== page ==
Can you imagine what Manning's team would look like if he had to throw to Brandon Stokely and Andre Caldwell 20 times a game? Denver also has the superior defense and running game. Given all of that, it is hard to argue Peyton Manning has been a bigger part of his team's success this season than Rodgers has been for his team.
Ryan vs. Rodgers
The sample size for Rodgers vs. Ryan provides a better frame of reference. It's pretty intuitive: the bigger the sample size, the more accurate a picture it paints. Green Bay and Atlanta have played five games against common opponents, each going 4-1. Atlanta's lone loss was to New Orleans, whereas Green Bay's was to New York.
In five games, Roadgers went 92/147 for 1165 yards with 11 touchdowns and 4 interceptions. That's 7.9 yards per attempt on a 62% completion rate and a 100.86 rating.
Ryan's numbers are pretty similar as he went 128/191 for 1417 yards with 11 touchdowns and 6 interceptions. That is a 67% completion rate, a 7.4 yard per attempt average and a 94.9 rating.
These numbers include a 5 interception game Matt Ryan had against Arizona, one that Atlanta somehow won. If you take that Cardinals game out, the Ryan numbers are pretty staggering, but you can't. The game happened and it could have cost the Falcons dearly. It's tough to talk about how valuable a player is if he can turn the ball over five times but your team can still win.
This is why sample size, though, is important. Over time, these numbers regress to the mean and you're left with a better view of a player's performance across the course of a season. Notice in the important metrics, Rodgers has the advantage, albeit a slim one. Ryan attempted and completed more passes, plus did so at a higher rate, but those passes were shorter and fewer of them went for touchdowns as a ratio of all passes thrown.
Rodgers also has the advantage in gross statistics like touchdowns and interceptions, plus efficiency metrics like passer rating. Given how similar the statistics are, you have to take into account the circumstances. Atlanta's division was worse, its schedule was easier, and they had less adversity with injuries than Green Bay. Given that Rodgers and Ryan then essentially created the same outcomes, the more impressive job was done by Rodgers.
Brady vs. Rodgers
Something of a statistical oddity, by season's end the Packers and Patriots will have played half of their games against common opponents. Both teams played the NFC West and AFC South, leaving only the division and two other opponents on the schedule. These numbers, perhaps more than any of the others, are staggering. Both Green Bay and New England went 5-3 against these opponents, although Green Bay's record should have an asterisk for the Fail Mary game.
In 8 games, Aaron Rodgers went 193/292 for 2187 yards with 23 touchdowns and just 3 interceptions. That's a remarkable 110.3 passer rating on 66.1% completions and a 7.49 yard per attempt average.
Tom Brady went 215/346 for 2588 yards to go with 19 touchdowns and 7 interceptions. That comes out to a 62.1% completion rate, a nearly identical 7.48 yard per attempt rate with a 94.9 rating.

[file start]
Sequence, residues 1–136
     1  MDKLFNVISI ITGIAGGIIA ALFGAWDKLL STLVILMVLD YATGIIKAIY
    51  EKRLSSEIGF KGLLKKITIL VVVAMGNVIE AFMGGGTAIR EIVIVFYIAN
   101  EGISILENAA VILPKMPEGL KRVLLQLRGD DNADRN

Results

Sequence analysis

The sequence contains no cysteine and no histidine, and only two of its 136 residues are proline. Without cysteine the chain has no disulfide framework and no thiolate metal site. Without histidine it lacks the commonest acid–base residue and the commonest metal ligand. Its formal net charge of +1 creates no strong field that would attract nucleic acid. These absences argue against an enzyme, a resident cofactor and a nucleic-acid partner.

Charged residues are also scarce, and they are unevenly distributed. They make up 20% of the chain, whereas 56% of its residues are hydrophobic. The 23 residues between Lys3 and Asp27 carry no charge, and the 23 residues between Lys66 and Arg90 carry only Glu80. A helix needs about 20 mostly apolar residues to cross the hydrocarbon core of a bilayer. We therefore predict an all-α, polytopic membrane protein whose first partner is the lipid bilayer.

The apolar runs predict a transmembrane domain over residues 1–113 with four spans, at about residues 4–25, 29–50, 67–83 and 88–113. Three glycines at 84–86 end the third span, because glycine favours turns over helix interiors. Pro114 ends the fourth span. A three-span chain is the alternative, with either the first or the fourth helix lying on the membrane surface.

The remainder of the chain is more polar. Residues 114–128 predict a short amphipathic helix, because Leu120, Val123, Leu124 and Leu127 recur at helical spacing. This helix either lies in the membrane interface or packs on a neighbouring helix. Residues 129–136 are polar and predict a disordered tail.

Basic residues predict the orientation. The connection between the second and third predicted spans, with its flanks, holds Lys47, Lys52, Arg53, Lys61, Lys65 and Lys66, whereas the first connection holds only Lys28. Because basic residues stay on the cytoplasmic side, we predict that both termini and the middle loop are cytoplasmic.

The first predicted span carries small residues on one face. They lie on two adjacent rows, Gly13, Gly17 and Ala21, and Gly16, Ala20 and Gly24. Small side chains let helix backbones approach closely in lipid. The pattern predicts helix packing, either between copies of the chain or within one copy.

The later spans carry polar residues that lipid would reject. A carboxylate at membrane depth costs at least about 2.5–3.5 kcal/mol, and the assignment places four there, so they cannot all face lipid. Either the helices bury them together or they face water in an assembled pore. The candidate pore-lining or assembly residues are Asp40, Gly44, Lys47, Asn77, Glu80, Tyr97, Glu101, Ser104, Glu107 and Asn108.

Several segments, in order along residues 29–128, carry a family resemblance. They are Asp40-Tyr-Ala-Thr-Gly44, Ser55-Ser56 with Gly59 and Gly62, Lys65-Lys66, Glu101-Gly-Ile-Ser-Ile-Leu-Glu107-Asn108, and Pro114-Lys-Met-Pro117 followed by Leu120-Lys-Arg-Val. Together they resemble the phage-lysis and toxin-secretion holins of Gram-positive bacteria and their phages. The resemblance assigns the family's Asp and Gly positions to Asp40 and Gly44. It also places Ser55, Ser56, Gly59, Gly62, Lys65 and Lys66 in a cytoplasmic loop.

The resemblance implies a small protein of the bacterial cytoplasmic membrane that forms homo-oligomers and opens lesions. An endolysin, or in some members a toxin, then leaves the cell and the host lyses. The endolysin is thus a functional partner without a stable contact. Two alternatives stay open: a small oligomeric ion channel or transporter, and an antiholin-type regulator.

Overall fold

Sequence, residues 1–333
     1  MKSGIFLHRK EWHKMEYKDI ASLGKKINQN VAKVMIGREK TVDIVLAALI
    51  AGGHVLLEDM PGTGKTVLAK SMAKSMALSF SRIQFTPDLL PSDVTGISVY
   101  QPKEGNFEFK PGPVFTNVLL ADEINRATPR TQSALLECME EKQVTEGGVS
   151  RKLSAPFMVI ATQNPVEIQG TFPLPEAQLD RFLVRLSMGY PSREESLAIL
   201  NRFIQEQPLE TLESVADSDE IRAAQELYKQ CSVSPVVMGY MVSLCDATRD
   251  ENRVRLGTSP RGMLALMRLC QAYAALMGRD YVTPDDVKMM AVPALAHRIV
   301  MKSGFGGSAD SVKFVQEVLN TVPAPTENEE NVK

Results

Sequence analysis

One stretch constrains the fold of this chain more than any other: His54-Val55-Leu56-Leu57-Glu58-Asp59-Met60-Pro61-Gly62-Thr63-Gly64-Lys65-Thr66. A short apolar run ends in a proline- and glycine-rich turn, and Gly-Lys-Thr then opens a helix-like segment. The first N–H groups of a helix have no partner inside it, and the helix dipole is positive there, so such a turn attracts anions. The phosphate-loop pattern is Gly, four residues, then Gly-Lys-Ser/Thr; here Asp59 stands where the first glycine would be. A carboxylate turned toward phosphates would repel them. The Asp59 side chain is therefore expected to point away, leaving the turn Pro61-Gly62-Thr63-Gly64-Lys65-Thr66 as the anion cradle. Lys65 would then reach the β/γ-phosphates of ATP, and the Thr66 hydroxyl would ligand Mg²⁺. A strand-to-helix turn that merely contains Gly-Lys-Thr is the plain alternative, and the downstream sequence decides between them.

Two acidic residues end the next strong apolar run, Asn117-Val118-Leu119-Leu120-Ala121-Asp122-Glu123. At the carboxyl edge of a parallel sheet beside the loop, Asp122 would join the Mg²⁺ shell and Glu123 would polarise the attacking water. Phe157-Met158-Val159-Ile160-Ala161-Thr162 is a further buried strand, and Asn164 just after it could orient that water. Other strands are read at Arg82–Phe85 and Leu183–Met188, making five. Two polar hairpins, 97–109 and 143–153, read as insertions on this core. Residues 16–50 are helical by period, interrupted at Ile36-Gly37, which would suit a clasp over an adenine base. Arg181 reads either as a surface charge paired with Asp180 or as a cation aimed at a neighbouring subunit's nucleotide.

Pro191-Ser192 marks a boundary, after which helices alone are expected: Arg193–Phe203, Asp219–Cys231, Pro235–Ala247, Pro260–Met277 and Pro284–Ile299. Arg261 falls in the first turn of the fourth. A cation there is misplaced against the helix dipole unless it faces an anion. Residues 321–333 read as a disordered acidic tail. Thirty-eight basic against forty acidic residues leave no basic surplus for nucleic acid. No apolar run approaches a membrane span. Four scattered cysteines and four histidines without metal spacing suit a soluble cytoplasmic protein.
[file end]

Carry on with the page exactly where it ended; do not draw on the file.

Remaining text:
Just to give you an idea of how good these numbers are for Rodgers, only 12 starting quarterbacks have 23 touchdowns through 15 games in the NFL. This is half a season for Rodgers. Brady's 19 touchdown passes is better than all but 20 starters.
That being said, Rodgers is head and shoulders above Brady in efficiency and gross production. Throwing four more touchdowns and four fewer interceptions in 50 fewer attempts is pretty remarkable. A chasm sits between Rodgers and Brady in passer rating and is about the same as the gap between Rodgers and Joe Flacco for the season. Yes, against common opponents, Aaron Rodgers is Aaron Rodgers and Tom Brady is Joe Flacco.
In a year where this is no MVP favorite, it makes sense to go with the guy who had a better season, head-to-head, than his competitors. Rodgers is also the only one to have another MVP candidate in his own division. If Rodgers beats the Vikings Sunday, he'll have beaten Adrian Peterson's team twice in a year where Peterson will probably rush for 2,000 yards.
Despite a massive injury deficit, an inferior offensive line, an influx of rookies on defense and a tougher division, Aaron Rodgers had a statistically superior season to to his peers at the most important position in the game. Only Drew Brees has thrown more touchdowns. No player who started every game threw fewer interceptions or has a better passer rating.
It wasn't quite the historic season of a year ago, which is why Rodgers hasn't been getting the same credit nationally for his candidacy. Green Bay hasn't had a running back rush for 100 yards since Bart Starr was under center it seems, yet the Packers keep winning because they have '12' under center and the other team doesn't.
Aaron Rodgers hasn't been all-time great this season, but he's been better than everyone else. That's all that matters and that's why he should be the MVP. His story isn't as good as Manning's or Peterson's, which is unfortunately why he won't be.
Peter Bukowski is a Wisconsin transplant living in New York and has been covering sports since 2007. He is an award-winning television and newspaper reporter. Follow him on Twitter @BukoTime